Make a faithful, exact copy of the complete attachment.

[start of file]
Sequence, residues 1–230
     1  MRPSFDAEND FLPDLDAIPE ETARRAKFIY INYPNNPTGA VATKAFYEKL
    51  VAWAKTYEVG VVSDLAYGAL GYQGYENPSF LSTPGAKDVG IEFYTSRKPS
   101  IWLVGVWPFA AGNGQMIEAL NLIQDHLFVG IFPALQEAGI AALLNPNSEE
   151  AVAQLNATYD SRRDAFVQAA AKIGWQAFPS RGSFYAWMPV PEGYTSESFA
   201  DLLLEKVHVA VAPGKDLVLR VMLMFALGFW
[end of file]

Sequence, residues 1–230
     1  MRPSFDAEND FLPDLDAIPE ETARRAKFIY INYPNNPTGA VATKAFYEKL
    51  VAWAKTYEVG VVSDLAYGAL GYQGYENPSF LSTPGAKDVG IEFYTSRKPS
   101  IWLVGVWPFA AGNGQMIEAL NLIQDHLFVG IFPALQEAGI AALLNPNSEE
   151  AVAQLNATYD SRRDAFVQAA AKIGWQAFPS RGSFYAWMPV PEGYTSESFA
   201  DLLLEKVHVA VAPGKDLVLR VMLMFALGFW